> >have tried to read a bit on bootstrapping in the context of meta-analysis
> >but that exceeded my (very basic) level of statistical knowledge.
> >
> >I found some resources on metafor's website on bootstrapping (
> >http://www.metafor-project.org/doku.php/analyses:viechtbauer2007a).
> >Although I managed to implement it on our data, I was not sure that this
> >approach is the one you recommended to us (essentially, I did not
> >understand how it provides information on the correlation between our ES).
> >Should the data.gen function be modified to integrate the correlation
> >between the effect sizes?
> >  data.gen <- function(dat, mle) {
> >    data.frame(yi=rnorm(nrow(dat), mle\$mu,
> >                        sqrt(mle\$tau2 + dat\$vi)), vi=dat\$vi)
> >  }
> >
> >If you have some resources that could guide us, it would be very
> >appreciated.
> >
> >Thank you so much for your invaluable help!
> >
> >Bernard
> >
> >Le sam. 11 juil. 2020 à 15:23, James Pustejovsky <jepusto using gmail.com> a
> >écrit :
> >
> >> Bernard,
> >> Could you clarify what is the goal of your analysis? What question(s)
> are
> >> you trying to answer? And in particular, are you aiming to draw a random
> >> effects inference (to a broader population of studies) or a fixed
> effects
> >> inference (limited to the set of studies in the analysis)?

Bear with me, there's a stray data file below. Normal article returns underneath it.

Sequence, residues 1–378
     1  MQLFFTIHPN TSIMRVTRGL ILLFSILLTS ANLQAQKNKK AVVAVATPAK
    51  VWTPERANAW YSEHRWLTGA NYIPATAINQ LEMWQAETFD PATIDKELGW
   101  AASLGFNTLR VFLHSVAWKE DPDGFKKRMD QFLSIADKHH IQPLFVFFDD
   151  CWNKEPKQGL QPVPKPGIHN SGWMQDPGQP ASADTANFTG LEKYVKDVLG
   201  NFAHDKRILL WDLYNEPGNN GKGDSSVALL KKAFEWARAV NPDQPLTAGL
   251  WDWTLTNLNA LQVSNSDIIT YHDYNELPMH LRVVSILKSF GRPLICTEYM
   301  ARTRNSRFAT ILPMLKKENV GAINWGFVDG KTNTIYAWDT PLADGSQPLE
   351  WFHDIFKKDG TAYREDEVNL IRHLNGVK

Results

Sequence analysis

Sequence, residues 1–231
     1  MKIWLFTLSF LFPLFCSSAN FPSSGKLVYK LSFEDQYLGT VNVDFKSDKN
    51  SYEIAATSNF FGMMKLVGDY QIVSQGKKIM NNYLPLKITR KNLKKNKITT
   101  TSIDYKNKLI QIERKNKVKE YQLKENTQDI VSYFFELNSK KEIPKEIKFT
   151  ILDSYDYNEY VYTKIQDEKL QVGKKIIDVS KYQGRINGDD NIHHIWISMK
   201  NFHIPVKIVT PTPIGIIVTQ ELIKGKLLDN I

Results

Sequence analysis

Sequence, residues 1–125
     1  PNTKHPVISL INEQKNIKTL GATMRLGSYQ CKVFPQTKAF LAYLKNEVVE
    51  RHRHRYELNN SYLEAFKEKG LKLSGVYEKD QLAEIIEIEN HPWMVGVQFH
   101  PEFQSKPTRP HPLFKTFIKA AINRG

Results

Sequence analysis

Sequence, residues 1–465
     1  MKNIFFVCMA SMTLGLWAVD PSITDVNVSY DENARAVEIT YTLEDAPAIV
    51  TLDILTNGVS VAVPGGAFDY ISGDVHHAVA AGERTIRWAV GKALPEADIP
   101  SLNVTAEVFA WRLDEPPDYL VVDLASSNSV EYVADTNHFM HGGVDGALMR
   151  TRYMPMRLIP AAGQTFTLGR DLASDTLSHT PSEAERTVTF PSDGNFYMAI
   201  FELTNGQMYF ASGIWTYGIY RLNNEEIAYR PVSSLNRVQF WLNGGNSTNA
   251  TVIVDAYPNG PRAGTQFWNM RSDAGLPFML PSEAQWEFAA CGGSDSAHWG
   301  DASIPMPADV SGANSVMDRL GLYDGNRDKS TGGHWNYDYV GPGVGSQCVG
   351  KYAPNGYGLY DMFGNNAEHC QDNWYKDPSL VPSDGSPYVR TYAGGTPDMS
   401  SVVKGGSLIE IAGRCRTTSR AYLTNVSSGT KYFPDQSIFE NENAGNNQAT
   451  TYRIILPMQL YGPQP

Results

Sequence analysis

> >>
> >> Generally, I would recommend using an approach that captures the
> >> correlations between the effect size estimates (i.e., the correlation
> >> between the estimated correlation coefficients). As far as I can tell,
> >none
> >> of the approaches you listed really does that. The robumeta and metafor
> >> models make arbitrary assumptions about the correlation, then use RVE to
> >> protect against this. But given that you have the raw data, you should
> be
> >> able to obtain all the information you would need to understand the
> >> correlations—either through the old Steiger 1980 formulas or (probably
> >> better?) by bootstrapping the set of ES estimates from each study.
> >>
> >> James
> >>
> >> > On Jul 11, 2020, at 6:15 AM, Bernard Fernou <bernard.fernou using gmail.com
> >
> >> wrote:
> >> >
> >> > Hi everyone,
> >> > I hope this email finds you well.
> >> >